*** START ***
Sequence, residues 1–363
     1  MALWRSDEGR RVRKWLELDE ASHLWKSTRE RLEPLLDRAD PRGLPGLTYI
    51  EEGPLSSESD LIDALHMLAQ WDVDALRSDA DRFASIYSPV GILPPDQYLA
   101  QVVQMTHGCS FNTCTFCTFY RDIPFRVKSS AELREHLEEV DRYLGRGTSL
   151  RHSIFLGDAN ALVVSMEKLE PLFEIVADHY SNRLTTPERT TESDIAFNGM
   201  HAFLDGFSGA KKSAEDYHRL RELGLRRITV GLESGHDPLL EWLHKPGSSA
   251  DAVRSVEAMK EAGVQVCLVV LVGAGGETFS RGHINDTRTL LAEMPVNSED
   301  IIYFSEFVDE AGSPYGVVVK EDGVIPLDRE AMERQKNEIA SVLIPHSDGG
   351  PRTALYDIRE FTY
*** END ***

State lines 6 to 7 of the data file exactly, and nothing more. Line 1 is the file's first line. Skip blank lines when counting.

   201  HAFLDGFSGA KKSAEDYHRL RELGLRRITV GLESGHDPLL EWLHKPGSSA
   251  DAVRSVEAMK EAGVQVCLVV LVGAGGETFS RGHINDTRTL LAEMPVNSED